2008, Australia announced a new visa policy offering the permanent resettlement of up ... addition to the annual humanitarian program and women at risk visa.
The New English Teacher, Volume 6.1, January 2012
EFL learners moving to an ESL context: Motivating and demotivating factors in English language learning among Iraqis
Dat Bao, Hassan Abdilah & Raqib Chowdhury
As English language learners move from their home culture to a new context where the need for English use become intensively enhanced, a number of sociocultural and educational factors come into play governing English learners’ motivation, practice, and perception – all of which suddenly become subject to change and re-evaluation. The article is shaped from a case study of three Iraqi families in Australia denoting the development and change in their learning motivation over time. With increasing numbers of immigrants and international students arriving in Australia during the last few years, it is important to understand factors influencing their learning and integration in a new society, which takes learners’ English communication demand and learning difficulty to a new dimension beyond their usual EFL context. Semi-structured interviews were used to collect the data from the immigrants and findings show that both integrative and instrumental orientations were combined in the process of learning and using English in the host country. Interestingly, Iraqi learners of English not only have developed positive attitudes towards English and its target group but also faced a number of new challenges and dilemmas. Within this picture both motivating and demotivating factors influential to English learning are highlighted in the discussion.
Bao, D. Abdilah, H & Chowdhury, R. (2012). EFL learners moving to an ESL context: Motivating and demotivating factors in English language learning among Iraqis. The New English Teacher, 6.1, 125-144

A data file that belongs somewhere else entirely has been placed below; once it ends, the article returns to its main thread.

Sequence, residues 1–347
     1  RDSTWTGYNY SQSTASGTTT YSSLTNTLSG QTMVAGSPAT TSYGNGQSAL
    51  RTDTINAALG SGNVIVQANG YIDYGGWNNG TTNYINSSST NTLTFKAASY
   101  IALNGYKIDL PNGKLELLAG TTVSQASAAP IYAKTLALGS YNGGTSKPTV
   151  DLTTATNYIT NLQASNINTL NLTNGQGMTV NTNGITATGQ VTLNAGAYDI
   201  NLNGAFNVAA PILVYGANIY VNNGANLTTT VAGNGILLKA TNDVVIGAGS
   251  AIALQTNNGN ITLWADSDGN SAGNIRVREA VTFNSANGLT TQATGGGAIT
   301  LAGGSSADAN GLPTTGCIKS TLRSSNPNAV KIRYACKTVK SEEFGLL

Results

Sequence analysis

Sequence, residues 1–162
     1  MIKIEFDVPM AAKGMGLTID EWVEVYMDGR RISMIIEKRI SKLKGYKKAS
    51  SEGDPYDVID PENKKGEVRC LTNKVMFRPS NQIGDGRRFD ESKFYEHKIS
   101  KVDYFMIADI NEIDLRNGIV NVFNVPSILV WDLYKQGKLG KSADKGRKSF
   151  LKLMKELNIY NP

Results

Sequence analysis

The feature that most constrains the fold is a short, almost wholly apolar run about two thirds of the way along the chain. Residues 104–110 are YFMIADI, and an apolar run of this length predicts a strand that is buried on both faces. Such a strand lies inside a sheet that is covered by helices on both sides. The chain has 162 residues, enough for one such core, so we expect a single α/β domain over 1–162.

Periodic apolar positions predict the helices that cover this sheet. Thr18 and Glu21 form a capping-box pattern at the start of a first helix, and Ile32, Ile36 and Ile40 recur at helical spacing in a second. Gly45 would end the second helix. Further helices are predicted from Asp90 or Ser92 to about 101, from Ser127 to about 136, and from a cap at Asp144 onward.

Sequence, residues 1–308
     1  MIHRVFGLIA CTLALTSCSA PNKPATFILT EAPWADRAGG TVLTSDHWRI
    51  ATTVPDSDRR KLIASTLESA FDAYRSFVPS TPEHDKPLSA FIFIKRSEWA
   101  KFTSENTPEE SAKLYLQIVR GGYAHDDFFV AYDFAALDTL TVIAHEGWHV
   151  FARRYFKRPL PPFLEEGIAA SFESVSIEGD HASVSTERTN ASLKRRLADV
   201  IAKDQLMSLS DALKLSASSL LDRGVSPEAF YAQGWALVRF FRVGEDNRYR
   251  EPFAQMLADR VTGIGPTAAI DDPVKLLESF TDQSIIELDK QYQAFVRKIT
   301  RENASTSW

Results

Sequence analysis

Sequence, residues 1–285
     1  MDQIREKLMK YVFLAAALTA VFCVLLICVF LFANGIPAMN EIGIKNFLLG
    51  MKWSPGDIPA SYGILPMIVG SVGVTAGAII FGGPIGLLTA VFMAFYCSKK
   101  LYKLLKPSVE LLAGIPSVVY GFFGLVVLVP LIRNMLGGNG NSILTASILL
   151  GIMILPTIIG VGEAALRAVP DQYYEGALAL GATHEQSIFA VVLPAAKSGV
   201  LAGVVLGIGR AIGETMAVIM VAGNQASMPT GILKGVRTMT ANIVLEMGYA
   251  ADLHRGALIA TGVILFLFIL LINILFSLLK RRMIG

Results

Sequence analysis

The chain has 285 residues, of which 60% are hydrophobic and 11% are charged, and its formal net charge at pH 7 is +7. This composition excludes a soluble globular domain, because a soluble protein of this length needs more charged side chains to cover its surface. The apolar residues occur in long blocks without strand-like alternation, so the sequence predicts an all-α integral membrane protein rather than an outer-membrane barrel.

The New English Teacher, Volume 6.1, January 2012 Background English language acquisition are exposed to an array of contextual factors including the educational setting itself and the cultural package learners brought with them to the learning scene, both of which decide the learning success. The Iraqi communities in Australia find themselves a unique ESL learning context where these factors together with many social influences related to policies, religion, gender, and relocation issues. All of these factors govern how Iraqi ESL learners develop their motivation to cope with the learning process. The ways in which their motivation is shaped by these factors deserve scholarly concern and investigation, which has become the topic of this article. We shall first look at the context which shows how Iraqis arrived in Australia in recent years. In April 2008, Australia announced a new visa policy offering the permanent resettlement of up to 600 Iraqi locally engaged employees and their direct family members who were at risk, because they had worked with the Australian government in Iraq (DIAC, annual report 2007-08). These 600 visas are in addition to the annual humanitarian program and women at risk visa. During 2008-2009, more than 450 people have arrived in Australia under this visa policy and the remaining visa places were rolled over to 2010-11 (DIAC, 2008-09). Since then, a large number of them have settled in Victoria and joined English classes at the Adult Multicultural Education Services (AMES) language centers in this state (AMES, 2009). It was this group that has become the focus of our research in which we investigated their ESL learning motivation and factors that might affect it over the past several years. Being the newly arrived group the Iraqi’s experiences in and motivation towards English learning began to develop in complex ways, showing the interaction between their culture, levels of education, social values, age, and gender with the new society they are moving into. The reason why we chose to look at this group’s motivation above all else is because this construct represents the starting and refreshing point for all kinds of learning new information. It has been scholarly acknowledged that motivation plays a vital role in second language achievement (Deci & Ryan, 1985; Dörnyei, 1994, 2003, 2010; Ellis, 1994, Gardner, 1985, 2001a, 2007; Oxford, 1994). Gardner (2007, p. 15), for example, argues that motivation "plays a role in various ways in the process of learning a second language" to a degree that the more highly motivated learners achieve better than the less motivated ones (p. 16). Dörnyei and Ushioda (2010), further, perceive motivation as a part of the learners' thought processes that has a remarkable influence in his/her success or failure in the L2 1